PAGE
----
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Posts tagged with: Personal

I'm Back

For a while lately my eyes had been unclouded to the truth that blogging is vain and fruitless. That moment of clarity has passed, and now I’m back!

In all truthfulness, I do believe blogging has some value. It provides a sounding board for ideas and rants, and due to some strange psychological reason, unloading my thoughts, or at least a certain subset of them, onto a public webpage accessible by billions of people (with actual readership likely numbering in the low single digits) gives me a sense of relieved gratification. I see it as ‘talking to yourself in public’ taken into the 21st century. Add to this the fact that I’m posting this on my phone while on a train from New York to Philly, and I can almost convince myself that this is all somehow “cool.”

Anyway, what prompted this post is that I was just reading an article in the WSJ on recent job cuts in the financial sector and came across this quote

“[An attorney] filed an arbitration claim this week on behalf of a former mortgage backed securities salesman at Merrill Lynch & Co. Despite having his best year ever, the salesman’s pay plummeted to about $190,000 from $1.2 million. ‘He couldn’t make enough money to feed his family.’”

Poor guy.

Not Your Typical Drive to Work

I was driving to work this morning when the lady in front of me swerved off the side of the road and hit a wooden telephone pole, bringing the entire pole down on her car. The entire front end of her car was demolished, and there were billows of smoke coming out from the engine area. I pulled off to the side of the road, made sure the car wasn’t about to explode, helped the lady out of the car, and called 911. Miraculously, other than being shaken up, she was alright. The smoke coming from the wrecked car smelled really funny though. I hope it wasn’t anything toxic.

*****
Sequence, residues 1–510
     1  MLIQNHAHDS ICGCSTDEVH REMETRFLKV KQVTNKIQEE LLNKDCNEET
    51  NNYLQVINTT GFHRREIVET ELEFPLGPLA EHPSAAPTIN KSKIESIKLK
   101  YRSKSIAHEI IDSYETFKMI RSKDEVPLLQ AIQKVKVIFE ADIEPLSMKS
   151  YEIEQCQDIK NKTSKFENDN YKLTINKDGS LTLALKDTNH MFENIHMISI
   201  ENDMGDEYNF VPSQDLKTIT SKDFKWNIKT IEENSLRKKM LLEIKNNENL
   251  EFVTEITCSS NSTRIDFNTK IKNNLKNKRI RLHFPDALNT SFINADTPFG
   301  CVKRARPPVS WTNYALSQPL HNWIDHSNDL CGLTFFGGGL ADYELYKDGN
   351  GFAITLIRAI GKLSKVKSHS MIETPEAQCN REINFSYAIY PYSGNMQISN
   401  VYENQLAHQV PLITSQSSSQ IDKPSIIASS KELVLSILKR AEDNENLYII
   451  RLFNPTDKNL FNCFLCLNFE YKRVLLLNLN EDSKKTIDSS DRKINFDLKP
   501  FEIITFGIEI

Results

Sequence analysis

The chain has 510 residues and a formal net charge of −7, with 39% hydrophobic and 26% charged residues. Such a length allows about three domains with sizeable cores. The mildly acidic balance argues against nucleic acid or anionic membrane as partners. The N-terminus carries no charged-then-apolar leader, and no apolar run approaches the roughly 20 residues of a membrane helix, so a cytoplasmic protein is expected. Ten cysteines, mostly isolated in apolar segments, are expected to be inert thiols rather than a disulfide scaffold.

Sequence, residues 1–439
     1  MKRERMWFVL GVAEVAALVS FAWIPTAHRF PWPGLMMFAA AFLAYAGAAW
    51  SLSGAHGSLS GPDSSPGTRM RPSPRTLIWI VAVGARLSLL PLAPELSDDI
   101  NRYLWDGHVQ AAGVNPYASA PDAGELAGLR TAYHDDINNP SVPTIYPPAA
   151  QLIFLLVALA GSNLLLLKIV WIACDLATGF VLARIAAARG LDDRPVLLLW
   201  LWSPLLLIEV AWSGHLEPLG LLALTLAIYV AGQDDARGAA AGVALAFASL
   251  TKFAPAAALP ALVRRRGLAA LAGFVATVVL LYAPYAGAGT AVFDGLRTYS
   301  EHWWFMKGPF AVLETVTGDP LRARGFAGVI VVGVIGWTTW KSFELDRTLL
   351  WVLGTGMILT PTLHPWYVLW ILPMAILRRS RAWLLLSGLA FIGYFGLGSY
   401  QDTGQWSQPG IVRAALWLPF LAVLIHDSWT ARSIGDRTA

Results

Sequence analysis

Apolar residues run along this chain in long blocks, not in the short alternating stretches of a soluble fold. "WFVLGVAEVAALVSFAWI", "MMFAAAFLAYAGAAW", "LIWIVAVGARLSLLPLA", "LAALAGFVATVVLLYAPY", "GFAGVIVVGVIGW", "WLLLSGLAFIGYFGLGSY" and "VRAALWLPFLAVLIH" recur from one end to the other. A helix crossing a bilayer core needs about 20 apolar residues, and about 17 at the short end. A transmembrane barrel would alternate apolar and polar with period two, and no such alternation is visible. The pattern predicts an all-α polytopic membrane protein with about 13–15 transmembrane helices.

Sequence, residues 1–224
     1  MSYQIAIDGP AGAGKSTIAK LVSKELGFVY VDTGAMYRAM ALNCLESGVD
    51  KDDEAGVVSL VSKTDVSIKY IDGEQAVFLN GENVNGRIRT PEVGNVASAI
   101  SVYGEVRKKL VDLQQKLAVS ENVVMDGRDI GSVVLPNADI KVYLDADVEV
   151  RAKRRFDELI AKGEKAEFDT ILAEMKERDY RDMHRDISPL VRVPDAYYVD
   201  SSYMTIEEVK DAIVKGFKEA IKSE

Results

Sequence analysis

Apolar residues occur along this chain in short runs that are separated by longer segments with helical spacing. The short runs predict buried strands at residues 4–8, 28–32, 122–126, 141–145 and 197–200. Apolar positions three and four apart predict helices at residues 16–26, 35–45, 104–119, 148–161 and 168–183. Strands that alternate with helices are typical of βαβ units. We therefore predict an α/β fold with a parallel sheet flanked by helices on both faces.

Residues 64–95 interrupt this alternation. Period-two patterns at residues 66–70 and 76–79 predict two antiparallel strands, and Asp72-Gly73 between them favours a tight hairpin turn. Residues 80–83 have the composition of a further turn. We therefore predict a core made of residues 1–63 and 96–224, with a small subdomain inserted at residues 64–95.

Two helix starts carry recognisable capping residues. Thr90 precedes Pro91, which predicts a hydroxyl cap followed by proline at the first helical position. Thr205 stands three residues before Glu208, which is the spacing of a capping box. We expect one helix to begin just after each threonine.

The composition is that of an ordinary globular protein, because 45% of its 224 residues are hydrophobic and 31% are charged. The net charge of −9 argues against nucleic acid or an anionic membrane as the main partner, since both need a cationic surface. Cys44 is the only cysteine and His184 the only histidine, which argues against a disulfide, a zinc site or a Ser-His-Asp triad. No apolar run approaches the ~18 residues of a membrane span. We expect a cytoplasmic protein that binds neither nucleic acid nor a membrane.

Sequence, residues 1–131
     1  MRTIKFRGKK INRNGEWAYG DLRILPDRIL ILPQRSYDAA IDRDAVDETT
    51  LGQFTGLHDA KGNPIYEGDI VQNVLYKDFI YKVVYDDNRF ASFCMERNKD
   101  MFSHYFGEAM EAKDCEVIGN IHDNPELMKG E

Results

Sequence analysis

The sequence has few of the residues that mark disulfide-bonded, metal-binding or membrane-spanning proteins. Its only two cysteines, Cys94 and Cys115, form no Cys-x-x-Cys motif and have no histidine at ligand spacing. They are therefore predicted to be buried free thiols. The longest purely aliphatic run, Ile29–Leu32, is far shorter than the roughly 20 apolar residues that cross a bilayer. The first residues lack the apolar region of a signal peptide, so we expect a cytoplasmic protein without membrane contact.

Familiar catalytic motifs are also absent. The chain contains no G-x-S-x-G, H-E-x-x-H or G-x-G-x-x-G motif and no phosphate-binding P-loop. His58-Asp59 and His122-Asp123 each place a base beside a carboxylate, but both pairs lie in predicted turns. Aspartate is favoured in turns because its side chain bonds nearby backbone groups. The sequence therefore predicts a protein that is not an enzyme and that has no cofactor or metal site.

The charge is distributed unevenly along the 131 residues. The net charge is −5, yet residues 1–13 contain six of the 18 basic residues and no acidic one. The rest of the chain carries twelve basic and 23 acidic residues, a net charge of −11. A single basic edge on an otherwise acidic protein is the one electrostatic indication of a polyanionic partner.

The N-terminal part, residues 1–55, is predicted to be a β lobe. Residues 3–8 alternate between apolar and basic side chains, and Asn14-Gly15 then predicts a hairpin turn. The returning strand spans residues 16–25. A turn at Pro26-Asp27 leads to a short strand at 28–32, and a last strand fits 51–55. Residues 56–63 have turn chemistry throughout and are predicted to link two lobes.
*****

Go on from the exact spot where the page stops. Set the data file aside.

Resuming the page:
An Amusing Discovery

Back when I was an undergrad, I started getting into kpop and joined a certain online forum discussing said art form. One of the members of that forum was an MIT alumn who had recently started a website which, besides showcasing his own excellent manga-style artwork, also hosted an oekaki board (like a forum, except users draw pictures rather than write posts). On this oekaki board I drew a certain painting of a famous jpop singer which I then used as my profile picture on a popular online music social networking site. Tonight, I discovered that a certain contributor to NPR’s “All Things Considered” had grabbed that profile picture and posted it on her blog as something that had recently become one of her daughter’s favorite “photos.” And that NPR contributer comes from, of all places, the same state I’m from. I don’t know why, but I get such a kick out of tiny things like this. :)

Lea Salonga!

OMG OMG OMG OMG OMG OMG OMG… I just met Lea Salonga after a performance of Les Misérables!  And she signed my Les Misérables playbill! And we took a picture together! She’s so nice. :D But dang, my head looks so big in that picture. XD Being there by myself, there was no one else to take the picture for us, so I had to hold the camera out and do a self-take, thus the weird angle and disproportionate head sizes. :p I’m just glad it turned out half decent. (^_^ And I swear, this is the only time you’ll see me use so many OMGs and smileys. ^^;;

Lea Salonga

Okay, now that I’ve had a chance to calm down a bit… Lea Salonga has always been one of my favorite singers/actresses ever since I heard her perform as Eponine in Les Misérables and Kim in Miss Saigon.  Growing up, I also heard her sing and voice act in many of my favorite Disney movies.  In the recent Les Misérables revival, they decided to cast Lea as Fantine.  When I learned that, I immediately bought tickets to the show.  Tonight, after the performance, I waited outside the stage door along with dozens of other people for Lea to come out, and when she finally did (and after patiently greeting the 20 or so other people in front of me in the line), I finally got to talk with her and take a picture!